It’s a common theme that has emerged from various surveys conducted over the past several years: there’s no place like home. Even before the pandemic hit, a 2018 AARP survey of retirees found that 77 percent of respondents wanted to remain in their homes as long as possible. With the brutal impact of COVID-19 on senior care communities, the desire among seniors and their loved ones to receive the care they need in the comfort of their homes has only intensified.
According to a study from The AP-NORC Center for Public Affairs Research published in April of 2021, “Even as concerns about the safety of nursing homes decline as more and more COVID-19 vaccines are administered, 88% of Americans would prefer to receive any ongoing living assistance they need as they age at home or with loved ones. Just 12% want to receive care in a senior community or nursing home.”
Additionally, an August 2021 Morning Consult consumer sentiment survey about the still-pending Choose Home Care Act of 2021—a bipartisan bill that seeks to add additional home health benefits for SNF-eligible Medicare patients—revealed somewhat similar themes.
For instance, in response to the type of messaging that would be most effective, “Adults are most likely to say the message most likely to increase their support [for the bill] is ‘with at-home health care, Medicare beneficiaries can recover in an environment that is safe, comfortable, and familiar’ (83%).”
More recently, a 2022 national consumer preference survey by Transcend Strategy Group that evaluated how consumers felt about in-home and facility-based senior care revealed that “the shift in preference toward senior care in the home, which accelerated at the start of the COVID-19 pandemic, has not slowed down.”
Six Key Emotional Drivers for Decision-Making
In the report, six “key emotional drivers” were identified that influence consumer decision-making regarding senior care.
1. Consumers remain COVID-hesitant about facilities.
Comparing the results of a similar 2020 survey with the 2022 results, Transcend said “Concern about elderly loved ones getting infection while receiving in-home care appears to have diminished greatly since the outset of the pandemic, while hesitation about in-facility care remains high.”
2. Most respondents would prefer in-home care.
When asked where they thought a loved one who was experiencing “long-term serious illness would receive the best care,” 50 percent of respondents said, “at home,” 30 percent said, “In a care facility, such as a nursing home,” and 20 percent indicated they weren’t sure.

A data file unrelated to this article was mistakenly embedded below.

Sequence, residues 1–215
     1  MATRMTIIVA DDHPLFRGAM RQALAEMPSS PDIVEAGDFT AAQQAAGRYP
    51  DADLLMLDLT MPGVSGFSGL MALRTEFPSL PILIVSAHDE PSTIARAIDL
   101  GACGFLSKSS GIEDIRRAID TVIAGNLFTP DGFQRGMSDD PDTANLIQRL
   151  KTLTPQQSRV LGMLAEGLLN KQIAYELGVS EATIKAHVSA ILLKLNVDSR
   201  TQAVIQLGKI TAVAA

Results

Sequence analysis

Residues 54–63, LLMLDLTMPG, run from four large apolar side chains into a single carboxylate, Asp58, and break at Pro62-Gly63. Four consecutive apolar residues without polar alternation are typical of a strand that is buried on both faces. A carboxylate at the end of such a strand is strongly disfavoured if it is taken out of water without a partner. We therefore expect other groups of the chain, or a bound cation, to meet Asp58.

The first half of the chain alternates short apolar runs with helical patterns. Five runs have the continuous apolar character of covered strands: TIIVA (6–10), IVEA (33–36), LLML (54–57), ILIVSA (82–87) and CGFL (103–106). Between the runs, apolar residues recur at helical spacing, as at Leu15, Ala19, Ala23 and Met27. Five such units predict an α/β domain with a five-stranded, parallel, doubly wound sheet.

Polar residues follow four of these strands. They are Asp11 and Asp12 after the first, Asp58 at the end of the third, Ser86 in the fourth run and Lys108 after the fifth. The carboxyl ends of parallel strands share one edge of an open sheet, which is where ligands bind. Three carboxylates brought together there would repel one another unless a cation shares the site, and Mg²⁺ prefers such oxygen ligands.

3. Comfort and family key reasons for preferring home care.
When asked to describe “in their own words” why they would choose between in-home or in-facility care, those who picked in-home care cited common themes related to “comfort, closeness to family, and a greater perceived ability to meet a patient’s mental and emotional health.”
4. 24/7 availability, resources and expertise seen as top advantages for facility care.
Among the 30 percent of respondents who favored a long-term care facility for a loved one’s care, the two themes that were most common reflected “an emphasis on the greater attention their loved one could receive with 24/7 staff and the ability to quickly respond to any situation with all needed resources and expertise readily at hand.”
5. Access, communication and clarity remain key.
Although “staff that provides compassionate care,” ranked higher on the list, Transcend said respondents were “most likely to prioritize information access, communication and well-documented infection control as the most important benefits they would value most from a care facility.”
6. Constant connection helps allay families’ misplaced guilt.
Noting that the word “guilt” wasn’t necessarily used, report findings indicated “a clear pattern of guilt expressed in many responses – especially from those indicating preference for in-home care,” with some expressing a “sense of obligation, that it would be wrong to entrust anyone else with their loved one’s care.”
According to Transcend, such concerns reinforce the need “to focus on access, communication and clarity. Families need assurance that they will have constant connection to their loved ones and their overall condition. They want confidence that they will be kept in the loop no matter what happens—even during emergencies.”
Insights such as these can help marketers for both homecare and senior living craft messaging in a way that demonstrates how the services your organization provides addresses the concerns, wants, and needs of prospects and their families.
For more details about the findings and related recommendations from Transcend experts, please access the full report.
Contact us today to find out how we can help you level up your healthcare marketing strategy.